What does Genesis 43:23 mean?Joseph's brothers fear his steward is leading them into an ambush, for the supposed crime of stealing back money used to buy grain on their previous visit (Genesis 43:18). They have just finished explaining that they don't know how the money got in their packs, but they have brought it and intend to pay it back (Genesis 43:19–22).
The steward responds in a surprising way. First, he assures the brothers that they are not in trouble. He tells them it was God—the God worshipped by these men and their father—who returned the money in their bags. The steward insists that he received the money. That is, he knows the men paid him, and he never thought they had stolen anything (Genesis 42:26–28).
This is both strange and meaningful. Of course, the steward knows he put the money back in their packs at Joseph's command (Genesis 42:25). Still, he gives credit to God for returning it. This is not likely a lie, but simply the steward following Joseph's command. Most likely, the steward sees himself as the means by which their God accomplished His will. At this point, of course, the brothers have no idea that the Egyptian governor is Joseph (Genesis 42:8).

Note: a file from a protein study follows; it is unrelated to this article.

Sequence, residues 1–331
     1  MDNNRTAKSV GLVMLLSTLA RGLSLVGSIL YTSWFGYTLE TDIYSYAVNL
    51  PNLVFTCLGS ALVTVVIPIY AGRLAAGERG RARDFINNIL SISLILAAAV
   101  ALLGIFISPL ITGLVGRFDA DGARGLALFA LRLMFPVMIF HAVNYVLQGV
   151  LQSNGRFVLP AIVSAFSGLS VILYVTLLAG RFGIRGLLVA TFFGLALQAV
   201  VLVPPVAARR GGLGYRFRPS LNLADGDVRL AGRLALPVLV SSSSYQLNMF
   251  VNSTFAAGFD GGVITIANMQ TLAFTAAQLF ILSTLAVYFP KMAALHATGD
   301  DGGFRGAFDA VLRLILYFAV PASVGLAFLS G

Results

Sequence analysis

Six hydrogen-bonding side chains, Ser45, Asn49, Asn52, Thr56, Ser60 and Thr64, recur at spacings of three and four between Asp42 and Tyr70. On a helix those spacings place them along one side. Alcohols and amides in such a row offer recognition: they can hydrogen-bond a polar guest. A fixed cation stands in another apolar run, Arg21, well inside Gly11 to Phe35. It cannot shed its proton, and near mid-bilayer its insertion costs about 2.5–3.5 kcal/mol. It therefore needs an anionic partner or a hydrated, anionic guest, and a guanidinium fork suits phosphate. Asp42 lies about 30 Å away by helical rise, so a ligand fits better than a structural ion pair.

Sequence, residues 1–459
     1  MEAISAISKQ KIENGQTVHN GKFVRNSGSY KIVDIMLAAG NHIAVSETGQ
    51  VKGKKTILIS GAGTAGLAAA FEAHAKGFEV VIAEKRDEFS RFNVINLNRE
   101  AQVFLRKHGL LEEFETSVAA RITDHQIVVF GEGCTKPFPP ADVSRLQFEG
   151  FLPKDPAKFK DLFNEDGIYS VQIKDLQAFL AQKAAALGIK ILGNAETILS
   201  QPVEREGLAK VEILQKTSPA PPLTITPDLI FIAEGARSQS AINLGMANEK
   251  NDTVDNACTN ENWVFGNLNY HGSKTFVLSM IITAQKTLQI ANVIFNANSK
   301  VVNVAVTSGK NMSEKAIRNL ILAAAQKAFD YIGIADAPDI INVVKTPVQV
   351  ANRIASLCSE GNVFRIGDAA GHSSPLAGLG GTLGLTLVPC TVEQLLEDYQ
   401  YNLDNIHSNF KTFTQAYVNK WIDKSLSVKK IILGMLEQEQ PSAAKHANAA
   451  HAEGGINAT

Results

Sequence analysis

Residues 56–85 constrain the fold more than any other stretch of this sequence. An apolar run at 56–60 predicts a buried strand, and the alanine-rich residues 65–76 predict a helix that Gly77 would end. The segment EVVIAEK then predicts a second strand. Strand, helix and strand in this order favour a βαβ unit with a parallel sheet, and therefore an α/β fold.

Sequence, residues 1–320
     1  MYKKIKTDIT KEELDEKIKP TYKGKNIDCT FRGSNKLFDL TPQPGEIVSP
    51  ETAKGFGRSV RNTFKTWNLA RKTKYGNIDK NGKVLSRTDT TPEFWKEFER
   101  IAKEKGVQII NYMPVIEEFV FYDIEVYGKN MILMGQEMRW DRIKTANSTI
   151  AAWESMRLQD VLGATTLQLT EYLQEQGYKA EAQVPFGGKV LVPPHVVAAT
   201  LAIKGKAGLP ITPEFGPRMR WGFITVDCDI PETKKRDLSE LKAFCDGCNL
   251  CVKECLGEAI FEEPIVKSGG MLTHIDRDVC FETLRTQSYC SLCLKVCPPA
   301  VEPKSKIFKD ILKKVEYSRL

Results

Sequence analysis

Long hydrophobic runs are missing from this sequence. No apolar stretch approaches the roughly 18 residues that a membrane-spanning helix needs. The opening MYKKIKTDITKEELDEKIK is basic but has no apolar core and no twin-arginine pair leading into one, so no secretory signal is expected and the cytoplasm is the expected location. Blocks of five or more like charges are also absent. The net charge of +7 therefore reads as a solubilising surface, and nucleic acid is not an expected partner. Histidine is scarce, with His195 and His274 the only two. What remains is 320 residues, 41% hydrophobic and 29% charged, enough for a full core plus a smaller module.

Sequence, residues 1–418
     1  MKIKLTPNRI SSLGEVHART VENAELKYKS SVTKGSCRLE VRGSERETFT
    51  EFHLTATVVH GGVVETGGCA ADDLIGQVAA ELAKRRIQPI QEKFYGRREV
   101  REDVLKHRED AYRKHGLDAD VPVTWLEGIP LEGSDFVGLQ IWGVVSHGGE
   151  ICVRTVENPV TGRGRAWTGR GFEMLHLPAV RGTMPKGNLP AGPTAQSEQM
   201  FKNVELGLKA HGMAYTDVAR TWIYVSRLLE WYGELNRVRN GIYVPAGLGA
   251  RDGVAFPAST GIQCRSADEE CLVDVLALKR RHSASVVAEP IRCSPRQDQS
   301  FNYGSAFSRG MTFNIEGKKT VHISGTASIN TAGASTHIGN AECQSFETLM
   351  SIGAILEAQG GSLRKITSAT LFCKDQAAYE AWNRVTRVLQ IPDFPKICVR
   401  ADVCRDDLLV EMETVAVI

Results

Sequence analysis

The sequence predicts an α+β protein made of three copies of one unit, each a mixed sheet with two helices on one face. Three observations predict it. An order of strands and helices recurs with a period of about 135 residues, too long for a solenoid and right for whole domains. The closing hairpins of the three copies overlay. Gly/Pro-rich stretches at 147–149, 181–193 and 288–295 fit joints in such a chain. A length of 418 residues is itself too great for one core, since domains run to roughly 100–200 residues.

Such mysteries aside, the steward's explanation fits the theme of Joseph's story: God accomplishes His will in unexpected and sometimes startling ways.
When the brothers left from their first trip, they were forced to leave one of their number behind as collateral (Genesis 42:19–20; 24). As the steward is reassuring them, he also releases their brother Simeon to them. This would have been an immense relief, and a powerful sign that no harm was coming to the men.